A comprehensive list of the equipment used to make this recipe is included in the main recipe card below. Click on any item to see an example. There are no hard and fast rules so many items can be sensibly substituted to achieve the same results.
I would not start to prepare any of the elements of this dish more than 24 hours in advance of serving. Within this time you could marinate and cook the scallops, cook the sushi rice, form the balls and prepare the coating.
Ideally the onigiri will be cooked just before serving.
Leftover Scallop Onigiri
My Miso Scallop Onigiri can be reheated in the oven or microwave. The coating will be significantly less crisp with the latter method. They could also be re-fried until just hot all the way through.
As with all of my sushi recipes, I would not recommend freezing the onigiri.
Fried Onigiri Tips
Make sure to have a bowl of cold water handy when forming the rice balls. Use the water on your hands to stop the rice sticking to you and everything else!
Be careful when deep frying. The balls will likely spit oil when they are first added.
Try to have a gentle hand when dealing with the rice. If if is crushed together it will become heavy and not have a pleasant texture when served.
Don’t forget to let me know in the comments if you try making this recipe – I want to know what you think and if you made any substitutions, how did it turn out?
Still Have Questions?
Simple! Just contact me and I will do my best to help as quickly as I am able. Head over to my Contact Me page, any of my social media channels or post a comment at the bottom of this page and I’ll see what I can do.
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More Fish & Seafood Recipes
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Fried Onigiri with Miso Scallops
- 500 g Cooked Sushi Rice
- 5 tbsp Fresh Chives
- 1 tsp Ginger Paste
For the Filling
- 1 tbsp Miso Paste
- 1 tsp Ginger Paste
- 1 tsp Sesame Oil
- 1 tsp Rice Wine Vinegar
- 1 tbsp Light Soy Sauce (Gluten free if required)
- 24 small Scallops
- 1 tbsp Vegetable Oil
For the Coating
- 3 tbsp Plain Flour (All Purpose)
- 2 Egg
- 80 g Panko Breadcrumbs
- 1 tbsp Sea Salt Flakes
- Oil for Deep Frying
- Firstly ensure that your 500g Cooked Sushi Rice is prepared and fully cooled.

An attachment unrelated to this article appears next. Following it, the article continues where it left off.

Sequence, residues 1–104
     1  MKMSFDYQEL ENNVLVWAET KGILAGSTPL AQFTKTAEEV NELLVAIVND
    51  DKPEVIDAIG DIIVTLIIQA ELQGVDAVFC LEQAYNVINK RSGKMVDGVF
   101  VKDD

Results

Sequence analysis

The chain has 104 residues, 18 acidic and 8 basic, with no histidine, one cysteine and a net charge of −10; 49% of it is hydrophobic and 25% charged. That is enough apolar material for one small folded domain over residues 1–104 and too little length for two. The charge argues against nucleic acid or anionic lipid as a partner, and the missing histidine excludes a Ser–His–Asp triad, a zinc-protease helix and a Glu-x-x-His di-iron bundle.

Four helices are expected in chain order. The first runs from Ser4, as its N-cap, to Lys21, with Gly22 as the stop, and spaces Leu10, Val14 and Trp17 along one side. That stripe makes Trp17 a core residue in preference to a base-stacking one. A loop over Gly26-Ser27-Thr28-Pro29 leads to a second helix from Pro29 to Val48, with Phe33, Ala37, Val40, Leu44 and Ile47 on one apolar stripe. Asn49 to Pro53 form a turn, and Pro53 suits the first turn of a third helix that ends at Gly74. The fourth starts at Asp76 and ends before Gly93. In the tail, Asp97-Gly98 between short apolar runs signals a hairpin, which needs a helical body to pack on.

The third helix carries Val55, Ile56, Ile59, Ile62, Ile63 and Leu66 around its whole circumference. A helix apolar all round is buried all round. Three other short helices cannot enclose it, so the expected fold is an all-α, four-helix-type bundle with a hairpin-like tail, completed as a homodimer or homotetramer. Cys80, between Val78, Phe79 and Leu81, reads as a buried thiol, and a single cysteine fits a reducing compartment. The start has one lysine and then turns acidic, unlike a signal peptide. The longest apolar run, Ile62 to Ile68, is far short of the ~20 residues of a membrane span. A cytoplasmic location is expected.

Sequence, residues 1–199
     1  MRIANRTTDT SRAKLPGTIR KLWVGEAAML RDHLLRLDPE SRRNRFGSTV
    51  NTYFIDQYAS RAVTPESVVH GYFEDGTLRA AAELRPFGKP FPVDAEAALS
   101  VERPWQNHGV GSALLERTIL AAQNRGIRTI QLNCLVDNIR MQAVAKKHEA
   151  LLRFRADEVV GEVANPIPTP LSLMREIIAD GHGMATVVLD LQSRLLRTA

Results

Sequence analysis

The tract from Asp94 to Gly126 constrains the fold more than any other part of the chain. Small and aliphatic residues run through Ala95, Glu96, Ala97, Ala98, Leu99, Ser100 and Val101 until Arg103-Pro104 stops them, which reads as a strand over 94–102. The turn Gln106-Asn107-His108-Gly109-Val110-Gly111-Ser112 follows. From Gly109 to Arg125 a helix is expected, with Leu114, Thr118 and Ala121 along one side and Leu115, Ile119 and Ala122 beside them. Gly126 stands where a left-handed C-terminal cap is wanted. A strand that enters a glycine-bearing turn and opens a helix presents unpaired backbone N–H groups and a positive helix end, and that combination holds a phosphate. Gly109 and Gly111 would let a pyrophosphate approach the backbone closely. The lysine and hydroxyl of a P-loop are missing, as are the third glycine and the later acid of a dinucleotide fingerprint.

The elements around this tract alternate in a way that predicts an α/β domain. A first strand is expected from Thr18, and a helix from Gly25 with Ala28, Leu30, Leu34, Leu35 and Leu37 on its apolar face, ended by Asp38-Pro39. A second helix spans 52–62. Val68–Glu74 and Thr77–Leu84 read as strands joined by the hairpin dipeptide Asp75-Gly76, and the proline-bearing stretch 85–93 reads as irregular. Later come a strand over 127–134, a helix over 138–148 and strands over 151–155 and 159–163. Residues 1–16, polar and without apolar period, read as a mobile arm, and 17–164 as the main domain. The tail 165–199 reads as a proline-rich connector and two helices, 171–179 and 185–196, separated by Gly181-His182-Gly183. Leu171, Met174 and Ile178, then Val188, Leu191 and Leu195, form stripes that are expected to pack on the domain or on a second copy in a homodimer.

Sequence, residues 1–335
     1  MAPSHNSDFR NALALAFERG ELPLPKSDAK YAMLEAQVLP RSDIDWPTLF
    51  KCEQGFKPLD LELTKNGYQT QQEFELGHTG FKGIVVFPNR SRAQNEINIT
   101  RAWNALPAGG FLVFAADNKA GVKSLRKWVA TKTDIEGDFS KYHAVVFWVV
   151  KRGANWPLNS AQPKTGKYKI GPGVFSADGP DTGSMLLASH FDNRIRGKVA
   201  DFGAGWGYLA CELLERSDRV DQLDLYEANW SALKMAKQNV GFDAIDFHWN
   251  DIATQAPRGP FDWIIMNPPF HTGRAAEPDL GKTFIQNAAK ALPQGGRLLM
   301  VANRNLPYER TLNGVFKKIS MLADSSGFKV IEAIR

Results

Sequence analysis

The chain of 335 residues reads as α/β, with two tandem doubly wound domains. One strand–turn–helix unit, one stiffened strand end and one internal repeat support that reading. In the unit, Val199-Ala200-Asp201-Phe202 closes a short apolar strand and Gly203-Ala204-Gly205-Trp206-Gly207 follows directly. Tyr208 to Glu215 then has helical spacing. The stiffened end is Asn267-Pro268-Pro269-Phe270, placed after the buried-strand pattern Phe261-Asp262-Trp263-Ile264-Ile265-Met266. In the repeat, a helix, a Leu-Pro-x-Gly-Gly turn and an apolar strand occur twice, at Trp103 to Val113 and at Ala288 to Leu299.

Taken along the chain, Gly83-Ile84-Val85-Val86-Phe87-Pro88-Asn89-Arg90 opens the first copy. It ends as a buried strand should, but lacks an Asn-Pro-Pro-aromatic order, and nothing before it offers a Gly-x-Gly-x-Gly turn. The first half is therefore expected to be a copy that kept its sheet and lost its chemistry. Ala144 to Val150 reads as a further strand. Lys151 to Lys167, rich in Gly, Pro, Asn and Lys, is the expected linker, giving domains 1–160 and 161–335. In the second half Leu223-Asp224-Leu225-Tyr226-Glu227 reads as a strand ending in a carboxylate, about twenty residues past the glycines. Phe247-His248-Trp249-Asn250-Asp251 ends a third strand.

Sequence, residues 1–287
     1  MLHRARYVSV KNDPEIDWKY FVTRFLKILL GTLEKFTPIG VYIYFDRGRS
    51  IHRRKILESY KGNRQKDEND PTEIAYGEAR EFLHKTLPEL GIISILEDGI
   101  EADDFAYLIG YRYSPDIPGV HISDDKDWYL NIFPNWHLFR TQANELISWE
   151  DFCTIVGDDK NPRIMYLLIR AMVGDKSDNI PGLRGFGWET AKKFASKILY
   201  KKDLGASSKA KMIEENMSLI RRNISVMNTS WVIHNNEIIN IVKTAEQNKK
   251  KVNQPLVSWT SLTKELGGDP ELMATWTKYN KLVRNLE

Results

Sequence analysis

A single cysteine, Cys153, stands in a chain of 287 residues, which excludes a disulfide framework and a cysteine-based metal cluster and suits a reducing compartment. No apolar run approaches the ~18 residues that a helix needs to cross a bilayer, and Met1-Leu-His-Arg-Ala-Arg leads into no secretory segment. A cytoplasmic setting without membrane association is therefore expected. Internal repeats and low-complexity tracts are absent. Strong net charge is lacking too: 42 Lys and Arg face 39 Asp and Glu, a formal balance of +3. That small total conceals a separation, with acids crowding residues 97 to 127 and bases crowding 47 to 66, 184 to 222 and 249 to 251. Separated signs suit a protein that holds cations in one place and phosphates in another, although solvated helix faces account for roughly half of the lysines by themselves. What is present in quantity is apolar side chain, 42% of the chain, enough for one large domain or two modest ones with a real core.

Prepare the Scallops
- Add 1 tbsp Miso Paste, 1 tsp Ginger Paste, 1 tsp Sesame Oil, 1 tsp Rice Wine Vinegar and 1 tbsp Light Soy Sauce to a small bowl and combine.
- Using kitchen towel, dry off 24 Small Scallops.
- Add them to the marinade mixture. Leave to marinate for at least 10-15 minutes. They are very small so don't really require much more.
- Meanwhile, flavour the rice by finely chopping 5 tbsp Chives and adding to the rice with 1 tsp Ginger Paste. Gently combine the ingredients. You ideally don't want to turn the rice into mush.
- Add 1 tbsp Vegetable Oil to a small shallow pan on a high heat.
- Add the marinated scallops to the pan (excluding most of the marinade) Fry on each side for about minute until they're a little brown and caramelised on each side.
- Remove the scallops from the pan and set aside to cool a little.
Assemble the Onigiri
- Wet your hands with cold water and split the rice into 12 equal portions (roughly 40g each).
- Roll one of the rice portions into a ball and then flatten into a patty.
- Add 2 of the scallops to the rice patty.
- Form the rice into a ball around the scallops. Try to be vaguely gentle as squeezing too hard will turn the rice into a mushy lump.
- Set aside on a plate or board and repeat to form the remaining balls.
- Add roughly 3 tbsp Plain Flour to a small bowl. Set aside.
- Whisk 2 Eggs in another small bowl. Set aside.
- Mix 80g Panko Breadcrumbs and 1 tbsp Sea Salt Flakes in a 3rd bowl.
- Dip each of the rice balls in the flour and set aside on a clean plate.
- Dip each ball in the egg …
- … then the breadcrumbs. A single dip of each will suffice.
- Leave the balls to chill in the fridge for 30 minutes if possible.
Cook the Onigiri
- Heat your frying oil to 180c or equivalent).
- Add the balls to the oil for 3-4 minutes until golden brown. Make sure not to overcrowd the cooking pan.
- Repeat for as many batches as you need.
- Leave the cooked balls to drain on kitchen paper before serving hot.